I began reading books by Steven Pressfield because of those he’s written about Classical Greece, such as “Gates of Fire,” “Tides of War” and “The Afghan Campaign.”
Since it always seems hard to put his books down, I decided to pick up a novel of his from a decidedly different time period, “Killing Rommel.”
The bulk of the narrative is set during World War II and is a British soldier’s telling of his time with the Long Range Desert Group, an elite unit that operated mostly in the Libyan desert.
The German commander on the contintent, Erwin Rommel (aka “The Desert Fox”), and his Afrika Korps had caused great difficulty for the Allied forces there. To try to turn the tide in Africa, the LRDG is tasked with trying to kill Rommel.
Pressfield masters every type of warfare he writes about. In this case, it’s the vehicles and equipment used by the desert group (and their enemies) — and the difficulties the soldiers must face.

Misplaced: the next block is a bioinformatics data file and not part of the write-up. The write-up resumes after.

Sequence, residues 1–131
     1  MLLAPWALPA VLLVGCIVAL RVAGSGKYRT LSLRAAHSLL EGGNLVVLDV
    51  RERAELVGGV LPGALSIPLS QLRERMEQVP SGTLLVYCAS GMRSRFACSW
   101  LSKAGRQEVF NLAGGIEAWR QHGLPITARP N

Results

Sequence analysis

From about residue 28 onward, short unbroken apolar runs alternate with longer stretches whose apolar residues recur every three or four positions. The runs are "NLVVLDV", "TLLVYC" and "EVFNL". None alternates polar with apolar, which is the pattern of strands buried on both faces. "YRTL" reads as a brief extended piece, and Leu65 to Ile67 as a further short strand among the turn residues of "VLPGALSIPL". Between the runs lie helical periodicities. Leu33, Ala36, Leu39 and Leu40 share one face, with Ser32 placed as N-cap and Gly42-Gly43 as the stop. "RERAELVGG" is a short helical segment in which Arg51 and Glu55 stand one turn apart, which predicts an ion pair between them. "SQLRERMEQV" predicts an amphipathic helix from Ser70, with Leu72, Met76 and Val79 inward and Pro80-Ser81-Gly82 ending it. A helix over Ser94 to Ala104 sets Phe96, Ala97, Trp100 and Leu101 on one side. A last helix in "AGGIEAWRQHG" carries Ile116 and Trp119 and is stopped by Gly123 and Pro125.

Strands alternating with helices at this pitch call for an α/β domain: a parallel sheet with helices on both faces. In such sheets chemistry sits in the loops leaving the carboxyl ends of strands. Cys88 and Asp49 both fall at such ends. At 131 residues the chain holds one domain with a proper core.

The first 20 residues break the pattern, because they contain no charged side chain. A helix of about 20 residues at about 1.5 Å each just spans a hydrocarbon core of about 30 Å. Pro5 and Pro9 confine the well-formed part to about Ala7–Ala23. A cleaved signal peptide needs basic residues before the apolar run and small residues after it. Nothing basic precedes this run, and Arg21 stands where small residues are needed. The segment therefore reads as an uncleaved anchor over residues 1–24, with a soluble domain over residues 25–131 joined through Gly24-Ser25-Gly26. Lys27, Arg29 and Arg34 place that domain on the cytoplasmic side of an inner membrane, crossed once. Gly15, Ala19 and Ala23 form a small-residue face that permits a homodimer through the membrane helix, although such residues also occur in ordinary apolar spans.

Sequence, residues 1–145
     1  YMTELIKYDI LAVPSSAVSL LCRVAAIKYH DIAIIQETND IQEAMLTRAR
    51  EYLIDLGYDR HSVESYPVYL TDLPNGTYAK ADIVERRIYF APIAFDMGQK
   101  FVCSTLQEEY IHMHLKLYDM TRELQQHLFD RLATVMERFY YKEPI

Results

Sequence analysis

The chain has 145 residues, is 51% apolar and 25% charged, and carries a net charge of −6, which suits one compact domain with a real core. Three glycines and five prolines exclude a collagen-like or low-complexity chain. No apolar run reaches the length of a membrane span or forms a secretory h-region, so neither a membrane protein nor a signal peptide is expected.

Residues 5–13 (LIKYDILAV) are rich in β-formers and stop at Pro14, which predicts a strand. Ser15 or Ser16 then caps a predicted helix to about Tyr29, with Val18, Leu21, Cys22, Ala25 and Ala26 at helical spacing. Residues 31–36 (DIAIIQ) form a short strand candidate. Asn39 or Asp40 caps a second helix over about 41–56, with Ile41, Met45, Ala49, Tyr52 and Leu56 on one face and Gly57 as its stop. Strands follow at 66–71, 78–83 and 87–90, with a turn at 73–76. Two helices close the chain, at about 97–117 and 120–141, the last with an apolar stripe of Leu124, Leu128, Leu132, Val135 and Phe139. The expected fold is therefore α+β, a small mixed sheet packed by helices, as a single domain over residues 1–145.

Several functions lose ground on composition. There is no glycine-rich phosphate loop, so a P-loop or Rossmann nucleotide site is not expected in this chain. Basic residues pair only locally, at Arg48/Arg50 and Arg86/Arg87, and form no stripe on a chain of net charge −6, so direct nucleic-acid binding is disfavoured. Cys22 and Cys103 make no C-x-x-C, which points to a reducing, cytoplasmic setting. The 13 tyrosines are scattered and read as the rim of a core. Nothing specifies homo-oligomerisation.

The realism with which Pressfield tackles any war always amazes me.
He puts a human face on war. The best characters are not generals or other leaders, but the common soldier.
You fight with them through hardships, see the horror they see, and also see the humanity, at times, that they see. Even the enemy they’re fighting has a human face. It’s compelling reading during moments when these characters, the soldiers, realize that those they are fighting are not monsters, but other people, who sometimes are not all that different.
The men of the LRDG and others in the book are still loyal — they have a mission to do — but they also understand how to act honorably amidst war. Those themes, of honor and loyalty, seem omnipresent in Pressfield’s work.
I soon might have to pick up his latest, “The Profession,” which tackles war in the future.